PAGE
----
Working As Intended
The NDA has been lifted on Rift. Lo and behold people seem honestly surprised that the game plays like other games before it. We’ve reported on Rift much before, from several different play-testing sessions and each time I’m fairly certain we made it clear that Rift was looking to be a polished but familiar experience. So I was surprised when I began reading comments on yesterday’s beta preview article and found so many folks that seemed taken aback by this very fact. Let me put it out there again: Rift is a fully-featured classical take on the fantasy MMORPG formula. In that much, it succeeds with great aplomb.
But what’s disconcerting to me, more than the folks who are sorely disappointed by a game that seems confident in its ability to carry on a the traditional MMO design (this is a viewpoint I can sympathize with even if I don’t wholly agree), is that so many folks seem absolutely shattered by the notion that Rift didn’t come out of its NDA with wings on its back, a harp in its hand, a halo on its head, and free tickets to the Golden Gates for everybody. All along, since the very first unveiling back in spring of last year, we’ve been talking about how Trion was seeking to deliver a solid traditional MMO with some interesting technology, beautiful HD visuals, and some interesting and novel ideas on the class and dynamic events systems.
That’s what they gave us. And, while it’s certainly not going to be what everyone wanted, I’m finding it to be a great experience. The thing is I knew what to expect, and perhaps this is where I was lucky to have played it at PAX and E3. Rift is a perfect game for folks who want more of the EQ2, WAR, WoW, LotRO, style but are sick of the previously mentioned games and would like to see a new take on the tried and true model.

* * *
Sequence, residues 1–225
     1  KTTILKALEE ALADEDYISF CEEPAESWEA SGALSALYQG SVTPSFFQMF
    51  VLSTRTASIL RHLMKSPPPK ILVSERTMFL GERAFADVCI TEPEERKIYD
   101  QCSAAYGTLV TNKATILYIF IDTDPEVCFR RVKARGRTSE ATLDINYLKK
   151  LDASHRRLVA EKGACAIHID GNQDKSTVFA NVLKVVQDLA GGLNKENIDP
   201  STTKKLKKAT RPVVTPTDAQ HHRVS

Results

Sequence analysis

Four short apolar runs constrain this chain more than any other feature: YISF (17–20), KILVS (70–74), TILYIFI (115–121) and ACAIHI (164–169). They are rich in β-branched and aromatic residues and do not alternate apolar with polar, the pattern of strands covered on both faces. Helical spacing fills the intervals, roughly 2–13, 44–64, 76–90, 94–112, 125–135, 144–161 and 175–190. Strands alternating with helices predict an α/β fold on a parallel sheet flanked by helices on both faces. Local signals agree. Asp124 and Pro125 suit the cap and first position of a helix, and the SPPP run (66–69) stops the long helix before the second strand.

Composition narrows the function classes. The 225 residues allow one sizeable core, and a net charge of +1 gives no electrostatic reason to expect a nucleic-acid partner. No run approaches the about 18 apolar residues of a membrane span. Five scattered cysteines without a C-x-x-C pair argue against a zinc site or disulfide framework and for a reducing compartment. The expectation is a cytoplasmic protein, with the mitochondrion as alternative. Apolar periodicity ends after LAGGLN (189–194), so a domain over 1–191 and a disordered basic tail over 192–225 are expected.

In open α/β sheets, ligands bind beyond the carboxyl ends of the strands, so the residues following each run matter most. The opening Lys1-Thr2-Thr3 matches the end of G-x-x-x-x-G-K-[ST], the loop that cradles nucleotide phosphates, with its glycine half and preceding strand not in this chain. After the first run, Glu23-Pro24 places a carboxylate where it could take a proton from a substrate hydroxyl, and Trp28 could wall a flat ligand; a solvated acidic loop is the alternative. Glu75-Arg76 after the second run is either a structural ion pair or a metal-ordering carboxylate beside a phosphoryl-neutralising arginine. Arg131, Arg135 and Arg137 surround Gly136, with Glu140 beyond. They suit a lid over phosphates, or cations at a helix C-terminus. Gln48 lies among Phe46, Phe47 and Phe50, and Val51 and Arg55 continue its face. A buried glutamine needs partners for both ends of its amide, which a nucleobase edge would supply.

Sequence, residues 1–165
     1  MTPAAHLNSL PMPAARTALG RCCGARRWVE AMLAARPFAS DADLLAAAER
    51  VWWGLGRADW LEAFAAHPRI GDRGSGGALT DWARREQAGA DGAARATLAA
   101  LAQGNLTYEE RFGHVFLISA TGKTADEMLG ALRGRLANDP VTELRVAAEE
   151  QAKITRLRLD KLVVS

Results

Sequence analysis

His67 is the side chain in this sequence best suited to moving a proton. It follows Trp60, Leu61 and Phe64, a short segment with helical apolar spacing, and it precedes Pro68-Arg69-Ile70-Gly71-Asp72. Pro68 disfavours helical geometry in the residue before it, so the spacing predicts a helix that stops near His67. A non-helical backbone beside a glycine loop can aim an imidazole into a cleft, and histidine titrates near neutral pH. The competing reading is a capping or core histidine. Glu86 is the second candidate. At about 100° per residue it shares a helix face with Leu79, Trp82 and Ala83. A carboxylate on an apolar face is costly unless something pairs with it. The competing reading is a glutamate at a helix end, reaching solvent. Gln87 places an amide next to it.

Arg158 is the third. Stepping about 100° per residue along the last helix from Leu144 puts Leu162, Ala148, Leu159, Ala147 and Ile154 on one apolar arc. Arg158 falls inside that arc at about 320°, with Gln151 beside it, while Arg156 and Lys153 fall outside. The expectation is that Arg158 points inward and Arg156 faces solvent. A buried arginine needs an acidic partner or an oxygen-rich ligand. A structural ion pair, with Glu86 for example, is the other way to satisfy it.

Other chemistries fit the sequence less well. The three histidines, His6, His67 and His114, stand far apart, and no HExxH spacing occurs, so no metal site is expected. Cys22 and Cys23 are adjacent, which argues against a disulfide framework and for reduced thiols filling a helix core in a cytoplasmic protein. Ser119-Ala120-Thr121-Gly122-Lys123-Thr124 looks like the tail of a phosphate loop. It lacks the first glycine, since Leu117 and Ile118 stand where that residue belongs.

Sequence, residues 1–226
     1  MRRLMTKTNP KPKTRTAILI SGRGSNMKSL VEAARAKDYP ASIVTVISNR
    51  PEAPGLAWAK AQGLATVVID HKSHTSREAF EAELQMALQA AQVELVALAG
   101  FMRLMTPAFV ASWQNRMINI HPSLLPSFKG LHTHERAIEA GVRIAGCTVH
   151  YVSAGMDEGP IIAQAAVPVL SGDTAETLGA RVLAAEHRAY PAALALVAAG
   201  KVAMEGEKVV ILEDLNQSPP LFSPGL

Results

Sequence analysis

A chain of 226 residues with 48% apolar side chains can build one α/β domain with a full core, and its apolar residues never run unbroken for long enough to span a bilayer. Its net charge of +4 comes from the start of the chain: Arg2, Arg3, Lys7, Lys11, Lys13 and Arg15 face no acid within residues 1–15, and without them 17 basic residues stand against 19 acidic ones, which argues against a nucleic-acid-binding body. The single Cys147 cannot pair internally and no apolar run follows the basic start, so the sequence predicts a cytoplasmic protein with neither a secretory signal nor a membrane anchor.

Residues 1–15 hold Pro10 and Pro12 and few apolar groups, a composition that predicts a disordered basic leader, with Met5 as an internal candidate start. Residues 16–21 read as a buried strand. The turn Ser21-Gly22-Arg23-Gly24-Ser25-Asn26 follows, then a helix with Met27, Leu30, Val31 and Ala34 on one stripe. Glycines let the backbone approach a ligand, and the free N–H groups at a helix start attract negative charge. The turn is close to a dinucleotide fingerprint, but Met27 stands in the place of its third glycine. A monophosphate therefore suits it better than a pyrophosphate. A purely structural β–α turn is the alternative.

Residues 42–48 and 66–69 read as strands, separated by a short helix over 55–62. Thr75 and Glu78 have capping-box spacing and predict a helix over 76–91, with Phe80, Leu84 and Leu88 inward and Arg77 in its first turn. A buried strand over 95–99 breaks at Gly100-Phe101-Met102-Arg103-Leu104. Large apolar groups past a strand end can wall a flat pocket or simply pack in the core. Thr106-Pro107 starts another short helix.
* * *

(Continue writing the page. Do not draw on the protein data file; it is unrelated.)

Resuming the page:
What’s wrong with that?
Not everything has to push the envelope as far as other games on the horizon. Take into account that some gamers really do just want the familiar. And again, take into account that there’s nothing wrong with that. You may not like Rift. You may hate that it’s only real unique selling points come in the form of a novel class system and some trippy Rift mechanics. And that’s fine. If you try the game and find it lacking, move along. Really, that’s the way you should approach pretty much all games when it comes to speaking out on forums, blogs, etc.
What good is being done by stomping around and complaining about something you obviously aren’t the market for? I know what you’re going to say: “But Bill, only by complaining that we don’t like one thing will we eventually get something we like.” I can dig that. Honestly, I can. You have to let companies know what you want. But do you honestly think that the folks at Trion did their marketing research and said “There really isn’t anybody who wants this kind of game… let’s make it anyway.”
I think we here at MMORPG.com often forget that we’re kind of/sort of/really the minority in this market anymore. We’re the vocal ones, absolutely. But we’re not the only ones. Still, all this is really just a moot point and a way for me to vent. I appreciate it if you’ve read this far, and I’m cool with it if you want to slam me and tell me how off base or moronic I am, because honestly… that’s why I love it here. But just remember that Trion always said exactly what they planned Rift to be, and we always did our best to convey that to you, our reader. You may like the game, and you may not. Just try to keep in mind that the wool was never pulled over your eyes, unless you yourself did the pulling.